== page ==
The best content will be under-appreciated if it is not presented in an organized manner. For that reason, it is critical that you prepare a letter that has clear and logical development to its arguments. This is not a long letter. Extraneous discussion must be kept to a minimum (if not totally eliminated). Focus your prose on the problem which you identify, and be sure that its orderly development contributes to the letter’s overall strength. Lastly, your letter will be examined in terms of the quality of its writing. If you do not take the time to edit your work, your letter will be compromised. Good writing is not only the provision of clear, well-crafted sentences. It also includes prose that is properly spelled; grammatically correct; and punctuated appropriately.
Your letters will be graded in terms of criteria including: content, organization, and writing.
How to Write Letters to the Editor by Richard Rider
Short, concise letters are always more likely to be published than long, meandering ones; try to keep them under 150 words. The longer letters are also more likely to be edited. It’s better that you do your own editing.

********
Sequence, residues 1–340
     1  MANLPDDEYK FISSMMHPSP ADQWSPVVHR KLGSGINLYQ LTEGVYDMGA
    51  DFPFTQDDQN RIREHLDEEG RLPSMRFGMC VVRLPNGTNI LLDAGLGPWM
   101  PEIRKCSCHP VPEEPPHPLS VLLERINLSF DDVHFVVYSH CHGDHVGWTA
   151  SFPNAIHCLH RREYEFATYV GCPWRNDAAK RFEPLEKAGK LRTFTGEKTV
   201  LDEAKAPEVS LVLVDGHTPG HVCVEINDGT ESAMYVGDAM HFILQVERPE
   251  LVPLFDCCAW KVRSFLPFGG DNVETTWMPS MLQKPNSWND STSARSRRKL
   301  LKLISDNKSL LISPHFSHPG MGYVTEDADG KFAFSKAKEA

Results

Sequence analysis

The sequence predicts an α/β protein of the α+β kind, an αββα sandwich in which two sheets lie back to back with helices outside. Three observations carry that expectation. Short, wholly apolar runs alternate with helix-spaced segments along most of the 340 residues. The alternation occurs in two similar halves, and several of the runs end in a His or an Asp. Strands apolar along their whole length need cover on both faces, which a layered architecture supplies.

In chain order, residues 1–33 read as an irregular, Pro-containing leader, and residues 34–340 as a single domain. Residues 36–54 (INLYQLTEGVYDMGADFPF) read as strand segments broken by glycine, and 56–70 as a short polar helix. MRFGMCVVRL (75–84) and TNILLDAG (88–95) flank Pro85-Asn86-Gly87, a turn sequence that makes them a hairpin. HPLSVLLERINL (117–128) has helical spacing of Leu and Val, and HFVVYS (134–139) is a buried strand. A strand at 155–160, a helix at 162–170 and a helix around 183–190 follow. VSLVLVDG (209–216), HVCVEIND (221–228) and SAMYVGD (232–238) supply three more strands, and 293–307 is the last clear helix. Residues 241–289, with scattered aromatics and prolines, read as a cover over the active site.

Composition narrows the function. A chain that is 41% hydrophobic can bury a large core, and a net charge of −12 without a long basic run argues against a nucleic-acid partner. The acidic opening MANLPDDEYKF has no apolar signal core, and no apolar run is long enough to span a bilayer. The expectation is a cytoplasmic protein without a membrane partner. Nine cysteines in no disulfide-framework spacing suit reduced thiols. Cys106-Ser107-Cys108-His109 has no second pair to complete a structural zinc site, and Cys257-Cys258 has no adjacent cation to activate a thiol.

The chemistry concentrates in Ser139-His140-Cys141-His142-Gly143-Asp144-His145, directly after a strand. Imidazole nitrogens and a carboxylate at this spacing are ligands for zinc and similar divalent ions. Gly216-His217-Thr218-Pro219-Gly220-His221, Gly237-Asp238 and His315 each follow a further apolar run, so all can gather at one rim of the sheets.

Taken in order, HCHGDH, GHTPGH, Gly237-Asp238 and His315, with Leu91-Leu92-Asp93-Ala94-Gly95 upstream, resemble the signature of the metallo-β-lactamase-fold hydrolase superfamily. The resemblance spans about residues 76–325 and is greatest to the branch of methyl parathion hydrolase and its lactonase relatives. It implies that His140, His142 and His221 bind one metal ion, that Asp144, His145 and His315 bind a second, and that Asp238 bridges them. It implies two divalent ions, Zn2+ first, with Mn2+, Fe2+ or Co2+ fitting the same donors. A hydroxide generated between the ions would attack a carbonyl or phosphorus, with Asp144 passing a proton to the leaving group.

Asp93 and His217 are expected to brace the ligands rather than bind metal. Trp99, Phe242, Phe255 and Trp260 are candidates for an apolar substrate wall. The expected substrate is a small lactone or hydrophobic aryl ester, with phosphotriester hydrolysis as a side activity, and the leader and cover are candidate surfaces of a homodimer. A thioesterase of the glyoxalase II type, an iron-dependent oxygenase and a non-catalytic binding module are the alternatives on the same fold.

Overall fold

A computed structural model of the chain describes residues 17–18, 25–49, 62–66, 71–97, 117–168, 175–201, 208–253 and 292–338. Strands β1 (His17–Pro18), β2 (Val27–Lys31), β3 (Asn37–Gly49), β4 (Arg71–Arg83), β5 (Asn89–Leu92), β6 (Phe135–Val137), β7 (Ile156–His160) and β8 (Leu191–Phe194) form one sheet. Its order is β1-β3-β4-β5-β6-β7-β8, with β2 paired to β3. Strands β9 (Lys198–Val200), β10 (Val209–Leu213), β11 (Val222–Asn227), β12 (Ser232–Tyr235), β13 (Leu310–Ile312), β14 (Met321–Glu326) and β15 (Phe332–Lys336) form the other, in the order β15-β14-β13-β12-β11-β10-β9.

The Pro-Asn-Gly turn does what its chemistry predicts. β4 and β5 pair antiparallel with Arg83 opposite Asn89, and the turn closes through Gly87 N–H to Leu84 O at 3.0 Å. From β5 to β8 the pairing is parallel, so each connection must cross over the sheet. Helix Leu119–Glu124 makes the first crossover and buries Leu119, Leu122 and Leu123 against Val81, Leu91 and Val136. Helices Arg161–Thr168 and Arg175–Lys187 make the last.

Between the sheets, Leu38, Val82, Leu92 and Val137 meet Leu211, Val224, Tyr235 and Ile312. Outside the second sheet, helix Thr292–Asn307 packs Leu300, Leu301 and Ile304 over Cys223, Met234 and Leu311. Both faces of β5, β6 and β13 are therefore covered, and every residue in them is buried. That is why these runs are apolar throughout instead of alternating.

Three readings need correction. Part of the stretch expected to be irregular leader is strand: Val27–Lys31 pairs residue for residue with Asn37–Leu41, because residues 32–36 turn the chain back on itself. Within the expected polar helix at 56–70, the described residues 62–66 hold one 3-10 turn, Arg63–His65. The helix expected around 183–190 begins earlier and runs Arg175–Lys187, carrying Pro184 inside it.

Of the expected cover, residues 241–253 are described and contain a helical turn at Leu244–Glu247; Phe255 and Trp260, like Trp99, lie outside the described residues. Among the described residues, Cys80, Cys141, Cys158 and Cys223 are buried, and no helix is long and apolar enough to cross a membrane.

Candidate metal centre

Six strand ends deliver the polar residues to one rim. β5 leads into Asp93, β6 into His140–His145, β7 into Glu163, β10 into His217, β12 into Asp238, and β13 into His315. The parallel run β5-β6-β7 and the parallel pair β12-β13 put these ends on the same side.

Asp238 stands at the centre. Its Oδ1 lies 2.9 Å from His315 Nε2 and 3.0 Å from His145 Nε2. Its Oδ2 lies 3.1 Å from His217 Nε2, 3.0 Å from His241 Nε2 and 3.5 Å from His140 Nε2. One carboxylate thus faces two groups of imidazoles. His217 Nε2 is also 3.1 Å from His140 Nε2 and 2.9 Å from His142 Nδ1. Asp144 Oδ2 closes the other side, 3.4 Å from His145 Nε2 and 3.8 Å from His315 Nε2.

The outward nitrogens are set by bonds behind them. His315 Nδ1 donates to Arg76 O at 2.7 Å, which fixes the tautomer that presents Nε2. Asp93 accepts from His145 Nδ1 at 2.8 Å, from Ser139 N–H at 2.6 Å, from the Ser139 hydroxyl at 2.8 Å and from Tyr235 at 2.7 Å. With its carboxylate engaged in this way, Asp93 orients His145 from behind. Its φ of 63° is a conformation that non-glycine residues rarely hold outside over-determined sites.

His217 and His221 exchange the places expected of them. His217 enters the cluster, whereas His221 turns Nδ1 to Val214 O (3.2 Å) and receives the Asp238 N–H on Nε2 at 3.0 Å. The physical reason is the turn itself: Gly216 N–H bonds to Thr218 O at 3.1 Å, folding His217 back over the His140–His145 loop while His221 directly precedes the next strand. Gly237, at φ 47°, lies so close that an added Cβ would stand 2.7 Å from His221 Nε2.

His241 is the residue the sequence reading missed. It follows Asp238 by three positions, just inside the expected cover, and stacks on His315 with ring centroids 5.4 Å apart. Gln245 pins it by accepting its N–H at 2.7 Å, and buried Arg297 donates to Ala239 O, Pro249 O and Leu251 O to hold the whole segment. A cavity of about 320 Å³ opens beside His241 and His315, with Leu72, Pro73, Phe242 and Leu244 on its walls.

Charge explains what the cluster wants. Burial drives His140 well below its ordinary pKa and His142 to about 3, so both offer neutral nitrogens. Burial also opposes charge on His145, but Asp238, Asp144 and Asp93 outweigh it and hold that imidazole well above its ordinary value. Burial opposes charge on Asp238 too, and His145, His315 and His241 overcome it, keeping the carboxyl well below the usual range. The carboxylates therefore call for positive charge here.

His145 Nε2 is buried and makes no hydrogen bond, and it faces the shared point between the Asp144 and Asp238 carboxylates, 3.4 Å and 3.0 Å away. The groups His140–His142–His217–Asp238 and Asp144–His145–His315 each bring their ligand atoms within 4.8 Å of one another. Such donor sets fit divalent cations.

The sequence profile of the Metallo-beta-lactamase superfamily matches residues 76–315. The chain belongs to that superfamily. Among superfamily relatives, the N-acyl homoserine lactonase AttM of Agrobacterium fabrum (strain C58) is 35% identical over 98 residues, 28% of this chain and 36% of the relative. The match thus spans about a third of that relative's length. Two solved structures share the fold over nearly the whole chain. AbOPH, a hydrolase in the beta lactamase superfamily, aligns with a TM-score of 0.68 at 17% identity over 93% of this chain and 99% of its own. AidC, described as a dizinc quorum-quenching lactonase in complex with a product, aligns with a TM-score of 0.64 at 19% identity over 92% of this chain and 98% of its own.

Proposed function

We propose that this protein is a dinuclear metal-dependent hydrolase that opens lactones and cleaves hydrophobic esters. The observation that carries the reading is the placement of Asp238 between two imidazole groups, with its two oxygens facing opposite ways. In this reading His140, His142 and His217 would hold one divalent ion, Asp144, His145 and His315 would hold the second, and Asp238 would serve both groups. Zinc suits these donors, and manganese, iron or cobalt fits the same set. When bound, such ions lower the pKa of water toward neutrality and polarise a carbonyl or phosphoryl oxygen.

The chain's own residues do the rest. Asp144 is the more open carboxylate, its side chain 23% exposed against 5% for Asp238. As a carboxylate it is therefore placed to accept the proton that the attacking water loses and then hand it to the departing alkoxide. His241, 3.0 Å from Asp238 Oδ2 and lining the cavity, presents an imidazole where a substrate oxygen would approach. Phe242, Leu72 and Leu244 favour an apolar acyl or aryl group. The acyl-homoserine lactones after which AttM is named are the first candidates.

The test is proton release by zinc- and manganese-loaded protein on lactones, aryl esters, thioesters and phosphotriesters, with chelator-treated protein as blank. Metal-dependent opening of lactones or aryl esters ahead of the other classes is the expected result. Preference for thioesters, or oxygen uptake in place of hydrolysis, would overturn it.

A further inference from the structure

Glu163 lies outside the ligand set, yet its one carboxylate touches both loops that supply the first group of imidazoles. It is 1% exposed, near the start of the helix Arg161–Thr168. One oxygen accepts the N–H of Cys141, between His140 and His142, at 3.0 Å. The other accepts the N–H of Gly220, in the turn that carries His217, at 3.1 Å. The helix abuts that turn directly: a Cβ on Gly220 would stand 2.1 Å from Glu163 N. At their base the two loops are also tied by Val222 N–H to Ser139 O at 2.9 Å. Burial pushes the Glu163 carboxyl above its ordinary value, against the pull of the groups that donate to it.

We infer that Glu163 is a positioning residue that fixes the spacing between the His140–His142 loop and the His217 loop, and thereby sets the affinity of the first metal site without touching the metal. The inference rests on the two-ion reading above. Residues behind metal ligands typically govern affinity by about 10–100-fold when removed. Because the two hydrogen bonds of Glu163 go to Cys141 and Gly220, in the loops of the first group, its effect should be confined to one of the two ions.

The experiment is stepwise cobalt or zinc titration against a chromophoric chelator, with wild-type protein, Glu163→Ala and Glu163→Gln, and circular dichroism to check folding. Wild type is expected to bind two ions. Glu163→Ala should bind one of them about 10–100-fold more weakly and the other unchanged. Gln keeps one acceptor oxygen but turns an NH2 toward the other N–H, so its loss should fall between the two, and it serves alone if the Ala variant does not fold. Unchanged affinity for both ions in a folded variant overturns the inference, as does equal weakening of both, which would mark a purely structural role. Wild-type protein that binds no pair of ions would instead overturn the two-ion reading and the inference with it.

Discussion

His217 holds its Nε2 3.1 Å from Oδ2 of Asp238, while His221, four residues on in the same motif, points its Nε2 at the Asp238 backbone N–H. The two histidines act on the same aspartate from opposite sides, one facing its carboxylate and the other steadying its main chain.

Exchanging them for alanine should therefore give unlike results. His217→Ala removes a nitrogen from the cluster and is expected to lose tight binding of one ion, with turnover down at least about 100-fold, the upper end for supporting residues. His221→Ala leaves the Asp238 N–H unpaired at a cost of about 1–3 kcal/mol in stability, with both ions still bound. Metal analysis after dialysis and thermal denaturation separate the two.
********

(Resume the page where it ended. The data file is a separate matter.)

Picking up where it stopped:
Ever notice how you read letters to the editor in the paper? Most people read the shorter letters first and then perhaps later read the longer ones. Thus your shorter letter has a better chance of being read.
WHAT TO WRITE? Unlike single-issue or special-interest groups, libertarians can select from an enormous range of subjects. Replying to editorials, agree or disagree, is very effective.
Every day the news offers us all too many topics on which to comment.
Be timely; try to respond within two or three days of the article’s publication. Pick an issue of particular importance to you – don’t be afraid to let some passion show through.
Here are some stylistic considerations:
1. State the argument you’re rebutting or responding to, as briefly as possible, in the letter’s introduction. Don’t do a lengthy rehash; it’s a waste of valuable space and boring to boot.
2. Stick to a single subject. Deal with one issue per letter.